I first tried to teach myself to knit when I was 15. Those first attempts were a bit of a joke, to be honest. My first scarf ended up looking like an elongated cone and I never did finish that first sweater. I set aside my needles in frustration.

It was ten years later, after a work injury and the dawn of the internet, that a physical therapist suggested I pick up something that would help flex my hands and keep the healing skin from getting stiff. One of the suggestions she had was to knit. I was itching to try it again, so I asked if she had any suggestions. She recommended the first site on my list below… and so began an obsession.

It’s quite amazing how much the internet has to offer for those looking to learn or enhance their skills in just about anything. It can get a bit overwhelming, so I thought I’d share some of my favorite sites to help new knitters. Many of these sites will be something you will continue to use even after your skills blossom.

Knitting Help

KnittingHelp is that friend who knits and can patiently show you how to do the steps. The have detailed diagrams, photos, and videos of how to do all of the basic knitting stitches. One of my favorite things is their diagram of increases and decreases. It goes beyond just showing you how to individually do each type of stitch and actually shows you a comparison of the stitches on a swatch. I still go back to this site when I need to learn an unfamiliar abbreviation or refresh myself on a decrease I don’t use often. The message boards are also a friendly resource for those who have more specific questions or just like to chat.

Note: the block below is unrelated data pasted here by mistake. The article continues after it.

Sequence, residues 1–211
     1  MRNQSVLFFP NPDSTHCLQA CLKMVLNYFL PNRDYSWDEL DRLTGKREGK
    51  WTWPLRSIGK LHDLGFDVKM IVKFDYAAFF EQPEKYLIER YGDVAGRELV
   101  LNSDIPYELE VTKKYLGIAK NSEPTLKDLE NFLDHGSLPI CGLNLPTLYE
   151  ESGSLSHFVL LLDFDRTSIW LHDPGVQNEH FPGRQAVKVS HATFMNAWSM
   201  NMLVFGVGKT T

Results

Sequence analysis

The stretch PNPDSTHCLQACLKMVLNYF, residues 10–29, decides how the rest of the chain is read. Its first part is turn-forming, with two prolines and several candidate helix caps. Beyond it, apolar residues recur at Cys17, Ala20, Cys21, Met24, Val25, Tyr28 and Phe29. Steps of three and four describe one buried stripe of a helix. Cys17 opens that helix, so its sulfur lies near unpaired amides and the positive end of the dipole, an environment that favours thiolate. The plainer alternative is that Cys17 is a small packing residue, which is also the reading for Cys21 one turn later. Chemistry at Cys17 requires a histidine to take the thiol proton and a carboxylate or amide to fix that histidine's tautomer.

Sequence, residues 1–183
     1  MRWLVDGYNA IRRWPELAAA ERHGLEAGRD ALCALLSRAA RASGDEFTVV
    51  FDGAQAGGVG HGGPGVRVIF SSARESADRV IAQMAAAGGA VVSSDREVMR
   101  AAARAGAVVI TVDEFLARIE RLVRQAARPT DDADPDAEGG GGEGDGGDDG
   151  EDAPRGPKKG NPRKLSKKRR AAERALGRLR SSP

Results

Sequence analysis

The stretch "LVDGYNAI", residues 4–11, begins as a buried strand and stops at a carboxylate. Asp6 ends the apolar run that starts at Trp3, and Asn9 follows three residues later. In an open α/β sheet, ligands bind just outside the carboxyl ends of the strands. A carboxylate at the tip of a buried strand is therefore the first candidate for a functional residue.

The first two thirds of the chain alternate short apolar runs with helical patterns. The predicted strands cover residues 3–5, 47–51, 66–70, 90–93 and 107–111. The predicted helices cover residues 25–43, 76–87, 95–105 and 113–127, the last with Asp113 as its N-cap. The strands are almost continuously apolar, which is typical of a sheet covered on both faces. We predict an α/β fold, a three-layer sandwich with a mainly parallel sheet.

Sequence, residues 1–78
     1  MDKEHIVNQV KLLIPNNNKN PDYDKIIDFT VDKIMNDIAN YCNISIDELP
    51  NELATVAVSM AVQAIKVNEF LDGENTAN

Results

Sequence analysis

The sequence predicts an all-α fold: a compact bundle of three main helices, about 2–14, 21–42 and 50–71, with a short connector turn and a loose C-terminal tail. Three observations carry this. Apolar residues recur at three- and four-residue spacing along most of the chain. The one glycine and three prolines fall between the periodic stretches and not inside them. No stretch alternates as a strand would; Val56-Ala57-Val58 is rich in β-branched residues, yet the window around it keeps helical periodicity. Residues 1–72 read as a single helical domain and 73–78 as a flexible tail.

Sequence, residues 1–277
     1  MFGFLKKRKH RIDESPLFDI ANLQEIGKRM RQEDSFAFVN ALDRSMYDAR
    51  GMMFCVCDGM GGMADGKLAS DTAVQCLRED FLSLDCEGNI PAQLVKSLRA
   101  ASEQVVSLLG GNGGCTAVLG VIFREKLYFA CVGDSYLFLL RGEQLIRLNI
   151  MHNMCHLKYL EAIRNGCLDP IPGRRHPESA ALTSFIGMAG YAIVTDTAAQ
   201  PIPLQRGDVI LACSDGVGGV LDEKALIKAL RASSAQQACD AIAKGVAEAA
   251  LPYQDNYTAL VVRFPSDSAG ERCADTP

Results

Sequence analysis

There are a lot of knitting magazines out there, but this web-based mag is my personal favorite. Knitty works with independent designers and showcase only the most stylish and unique designs. Some of my most favorite sock patterns come from here. I still knit up Monkey Socks at least once a year.

Knitting Pattern Central


Now that you’ve enhanced those knitting skills, you need something to knit. Knitting Pattern Central‘s database is a massive collection of just about any free pattern you can think of. It’s a bit hit or miss because there are no pictures, but they have so much that it is worth looking through.



No list on great knitting resources would be complete without mentioning Ravelry. This site is just pure amazing! They have searchable (and sortable) databases of patterns, yarns, magazines, and books for crocheters, knitters, and other needlecrafts. Most of these have pictures, so you can see what the items look like. You can also sort by free and paid. My favorite feature here is the ability to see other members’ completed projects. Seeing a pattern completed in multiple ways truly gives you an idea of how a pattern will look when completed. Many members also give tips, talk about errors they came across, or offer modifications. They also have a massive collection of specialized groups including knit-alongs and local gatherings. This still remains my favorite knitting resource.

Lion Brand Stitch Finder


If you’re feeling brave and want to try your hand at designing your own pattern… or spruce up an existing pattern… it’s nice to have a place to explore different stitches. From the basic to the elaborate, the Lion Brand Stitch Finder is like the Ravelry of stitches. It’s just plain inspirational!



Now that you have the skills and the patterns, you’re going to need something to knit with! If you’ve visited my project posts, you’ve probably noticed that I use KnitPicks yarns a LOT. Their yarns are budget friendly without being budget quality. I can find gorgeous superwash wool for sock, soft cottons and linens for dischloths, and chunky yarns for fun hats and all at a price lower than comparable yarns. I use their stunning interchangeable wooden needles or nickel double-point needles every time I knit. They also offer great free patterns and budget-friendly paid patterns.

I hope I have inspired you to explore the world of knitting a bit more. If you ever have any specific questions, I will do my best to answer them.

Hey knitters, do you have any favorite sites to recommend?

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